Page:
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Depending upon success with curtailing emissions, represented by concentration pathways, these are the concentrations we might see:

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What this means in terms of forcings is summarized at Wikipedia with the conservative values** presented in the table below:

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(Details about RCPs are available here.)

To complete the picture, here are the latest forcing estimates, from Potsdam:

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The sea level rise impacts are probably understated in the Wikipedia table, due to underestimates of ice sheet effects, and poor constraints on process.

The figures suggest that if RCP 8.5 (“business as usual”) is pursued, 1220 ppm CO2 by 2100 is completely within reach. But to show how expensive clear air capture is, I’ll use RCP 6.0, which ends up, in 2100, emitting per year just half per year that RCP 8.5 does. Overall, RCP 6.0 ends up with 55% of the total cumulative CO2 emissions that RCP 8.5 does, and reaches 730 ppm at 2100. I’ll assume no negative emissions technology has been deployed at that point, and then assume it is instantaneously operational at 2100. I’ll further assume that the target of direct air capture is to reduce CO2 concentrations to the relatively benign but still not completely safe 350 ppm that the hard-working proponents of 350.org espouse. (If 350 ppm had never been exceeded, we’d still witness the eventual melt of a lot of ice sheets, although this would be slower.)

The first thing to realize is that direct air capture necessarily assumes emissions of CO2 have stopped and the job is draw down the emissions that are there. While there is a natural decline of emissions, about 200 ppm in 400 years, and 250 ppm in 1000 years, it plateaus and decreases very slowly afterwards. The rule of thumb is that 40% of cumulative carbon dioxide remains in atmosphere after 1000 years. If direct air capture were deployed, it would need to counter the ongoing emissions and work to draw down preexisting concentrations of CO2. Worse, to the degree that, for instance, fugitive CH4 and other species which decompose into CO2 are released, these would not be available for removal immediately, but would continue to contribute over their decay cycles.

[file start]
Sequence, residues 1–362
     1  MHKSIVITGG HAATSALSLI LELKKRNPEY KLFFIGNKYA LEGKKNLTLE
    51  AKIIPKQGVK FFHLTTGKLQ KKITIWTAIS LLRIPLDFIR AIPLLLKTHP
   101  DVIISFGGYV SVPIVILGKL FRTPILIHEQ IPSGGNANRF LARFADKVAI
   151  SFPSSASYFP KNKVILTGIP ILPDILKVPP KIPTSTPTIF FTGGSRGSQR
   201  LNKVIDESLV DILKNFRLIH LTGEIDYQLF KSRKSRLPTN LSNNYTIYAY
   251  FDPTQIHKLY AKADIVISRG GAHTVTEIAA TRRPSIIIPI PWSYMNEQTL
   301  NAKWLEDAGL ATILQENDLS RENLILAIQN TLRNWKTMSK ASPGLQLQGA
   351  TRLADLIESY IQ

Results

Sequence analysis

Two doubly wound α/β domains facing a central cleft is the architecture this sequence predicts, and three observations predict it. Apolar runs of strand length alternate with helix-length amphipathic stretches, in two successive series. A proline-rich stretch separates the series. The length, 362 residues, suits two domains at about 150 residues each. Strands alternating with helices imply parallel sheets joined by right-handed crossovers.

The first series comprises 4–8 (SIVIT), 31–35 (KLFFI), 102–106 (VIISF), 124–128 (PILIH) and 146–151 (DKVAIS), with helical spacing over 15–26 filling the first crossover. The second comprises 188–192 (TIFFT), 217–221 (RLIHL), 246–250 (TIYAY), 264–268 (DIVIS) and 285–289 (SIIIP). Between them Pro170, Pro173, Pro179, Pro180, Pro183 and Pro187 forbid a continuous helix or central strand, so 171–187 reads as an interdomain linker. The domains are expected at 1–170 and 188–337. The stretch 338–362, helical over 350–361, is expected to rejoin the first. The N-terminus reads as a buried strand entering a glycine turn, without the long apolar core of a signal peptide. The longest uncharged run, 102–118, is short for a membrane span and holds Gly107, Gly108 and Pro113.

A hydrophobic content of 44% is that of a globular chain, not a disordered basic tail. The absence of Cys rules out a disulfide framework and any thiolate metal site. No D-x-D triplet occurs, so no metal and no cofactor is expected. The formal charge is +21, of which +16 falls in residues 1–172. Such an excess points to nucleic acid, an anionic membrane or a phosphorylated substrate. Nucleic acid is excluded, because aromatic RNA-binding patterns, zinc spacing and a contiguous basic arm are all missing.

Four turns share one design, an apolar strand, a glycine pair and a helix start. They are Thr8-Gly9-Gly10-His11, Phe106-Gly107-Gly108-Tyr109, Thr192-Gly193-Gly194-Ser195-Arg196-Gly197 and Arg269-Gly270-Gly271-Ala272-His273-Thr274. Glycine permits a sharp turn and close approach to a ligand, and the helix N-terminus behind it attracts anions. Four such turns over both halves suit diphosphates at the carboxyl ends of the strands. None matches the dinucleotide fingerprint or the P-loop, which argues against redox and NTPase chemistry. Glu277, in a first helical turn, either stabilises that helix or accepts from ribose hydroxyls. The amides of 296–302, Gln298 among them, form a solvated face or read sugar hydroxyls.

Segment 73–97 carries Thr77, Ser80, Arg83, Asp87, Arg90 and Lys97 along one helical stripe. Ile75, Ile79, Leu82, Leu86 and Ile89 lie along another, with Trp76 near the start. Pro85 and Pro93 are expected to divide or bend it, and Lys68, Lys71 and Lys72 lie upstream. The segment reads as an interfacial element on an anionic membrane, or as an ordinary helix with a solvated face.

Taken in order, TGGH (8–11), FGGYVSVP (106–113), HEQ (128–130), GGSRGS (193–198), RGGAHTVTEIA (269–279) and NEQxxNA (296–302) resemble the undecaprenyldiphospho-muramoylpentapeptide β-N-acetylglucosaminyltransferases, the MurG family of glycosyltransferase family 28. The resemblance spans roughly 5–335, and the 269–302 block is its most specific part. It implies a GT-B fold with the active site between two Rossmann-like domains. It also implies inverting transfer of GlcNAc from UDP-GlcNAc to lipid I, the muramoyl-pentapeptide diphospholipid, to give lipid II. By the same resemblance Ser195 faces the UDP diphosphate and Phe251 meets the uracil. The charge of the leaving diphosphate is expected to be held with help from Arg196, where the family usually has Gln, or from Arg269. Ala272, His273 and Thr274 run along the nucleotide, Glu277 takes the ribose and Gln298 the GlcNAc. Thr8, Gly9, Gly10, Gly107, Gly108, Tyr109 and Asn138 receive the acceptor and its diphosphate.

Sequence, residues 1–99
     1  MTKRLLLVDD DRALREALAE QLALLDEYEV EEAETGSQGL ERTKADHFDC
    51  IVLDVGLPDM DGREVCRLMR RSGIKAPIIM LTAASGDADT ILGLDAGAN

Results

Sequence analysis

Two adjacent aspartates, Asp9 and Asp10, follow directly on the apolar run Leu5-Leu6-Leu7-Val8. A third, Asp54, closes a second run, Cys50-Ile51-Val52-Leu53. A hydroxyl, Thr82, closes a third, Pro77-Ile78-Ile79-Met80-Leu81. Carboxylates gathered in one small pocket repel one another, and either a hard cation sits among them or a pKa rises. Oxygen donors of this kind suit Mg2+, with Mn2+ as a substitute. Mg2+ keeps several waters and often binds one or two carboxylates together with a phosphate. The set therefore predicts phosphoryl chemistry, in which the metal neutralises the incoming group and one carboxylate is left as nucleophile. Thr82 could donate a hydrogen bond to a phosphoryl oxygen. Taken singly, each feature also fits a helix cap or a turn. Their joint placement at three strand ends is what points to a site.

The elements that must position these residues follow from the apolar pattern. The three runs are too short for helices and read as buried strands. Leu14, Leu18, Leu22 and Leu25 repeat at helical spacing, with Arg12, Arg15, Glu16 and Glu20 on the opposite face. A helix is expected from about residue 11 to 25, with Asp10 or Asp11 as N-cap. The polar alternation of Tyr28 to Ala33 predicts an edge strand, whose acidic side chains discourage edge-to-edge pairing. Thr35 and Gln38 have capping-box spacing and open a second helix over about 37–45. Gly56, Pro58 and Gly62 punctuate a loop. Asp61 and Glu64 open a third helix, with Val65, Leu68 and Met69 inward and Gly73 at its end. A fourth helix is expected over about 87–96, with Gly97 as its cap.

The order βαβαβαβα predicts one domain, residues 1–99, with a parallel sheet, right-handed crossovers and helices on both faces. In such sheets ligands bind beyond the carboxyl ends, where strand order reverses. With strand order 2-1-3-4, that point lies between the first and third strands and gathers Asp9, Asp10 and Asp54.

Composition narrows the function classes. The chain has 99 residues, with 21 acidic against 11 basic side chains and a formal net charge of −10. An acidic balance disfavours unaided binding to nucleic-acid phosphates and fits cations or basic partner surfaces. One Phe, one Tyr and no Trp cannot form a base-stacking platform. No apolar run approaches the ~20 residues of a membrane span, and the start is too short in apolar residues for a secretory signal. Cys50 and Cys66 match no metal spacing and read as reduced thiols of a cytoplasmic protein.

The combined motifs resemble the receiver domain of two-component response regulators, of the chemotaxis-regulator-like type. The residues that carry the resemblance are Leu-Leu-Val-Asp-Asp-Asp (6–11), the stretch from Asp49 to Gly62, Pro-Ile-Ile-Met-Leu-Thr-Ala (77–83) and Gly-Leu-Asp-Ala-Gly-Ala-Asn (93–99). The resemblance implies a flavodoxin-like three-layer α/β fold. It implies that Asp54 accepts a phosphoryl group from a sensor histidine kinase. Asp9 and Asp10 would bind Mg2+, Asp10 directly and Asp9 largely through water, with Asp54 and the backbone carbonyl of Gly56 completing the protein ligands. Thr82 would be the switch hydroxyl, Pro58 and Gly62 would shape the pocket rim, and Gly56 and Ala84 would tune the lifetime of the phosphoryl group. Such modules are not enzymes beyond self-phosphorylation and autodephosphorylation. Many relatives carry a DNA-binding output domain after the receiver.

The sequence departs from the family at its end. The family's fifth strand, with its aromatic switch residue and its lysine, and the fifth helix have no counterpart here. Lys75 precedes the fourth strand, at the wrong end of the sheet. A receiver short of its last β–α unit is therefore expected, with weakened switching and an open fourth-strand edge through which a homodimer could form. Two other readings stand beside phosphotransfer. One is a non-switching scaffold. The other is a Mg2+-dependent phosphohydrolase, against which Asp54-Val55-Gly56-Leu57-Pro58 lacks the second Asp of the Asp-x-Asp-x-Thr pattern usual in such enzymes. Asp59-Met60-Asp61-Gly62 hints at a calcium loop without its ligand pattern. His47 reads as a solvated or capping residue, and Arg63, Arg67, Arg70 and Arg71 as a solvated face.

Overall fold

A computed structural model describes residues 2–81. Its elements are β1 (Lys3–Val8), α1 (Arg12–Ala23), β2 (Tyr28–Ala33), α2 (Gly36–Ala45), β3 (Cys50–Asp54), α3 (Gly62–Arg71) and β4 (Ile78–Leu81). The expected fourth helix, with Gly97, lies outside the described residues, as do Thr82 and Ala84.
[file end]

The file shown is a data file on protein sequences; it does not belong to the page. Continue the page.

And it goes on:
Accordingly, deployment of direct air capture means that the entire economic cost of going to zero Carbon emissions is borne at the outset.

Then, assuming the climatic conditions associated with 730 ppm at 2100 for RCP 6.0 are intolerable, I assume the globe deploys direct air capture at US$600/tonne CO2. Note that such scrubbing of atmosphere will not reverse sea level rise, since heat in oceans (and, in general, in water) is released only on time scales of tens of thousands of years. Moreover, there is a slow outgassing of CO2 from oceans once atmospheric concentrations diminish, and this outgassing proceeds only at a natural rate, one which may not be consistent with engineering targets. So, 730 ppm to 350 ppm involves direct capture and permanent sequestration of 380 ppm of CO2. Each 0.127 ppm corresponds to a billion tonnes of CO2. Accordingly, $\frac{380 \text{ppm}}{0.127 \text{ppm/GtCO2}}$ = 2992 GtCO2 = 3 trillion tonnes CO2. At US$600 per tonne, that’s US$1800 trillion in 2010 dollars. To give you an idea of the size of this number, the entire gross world product in 2014 was$78 trillion dollars. Accordingly, the cost of coming down 380 ppm after we zero CO2 emissions is $\frac {\1800}{\78} = 23$ times the gross world product in 2014. That’s simply not feasible in any scenario.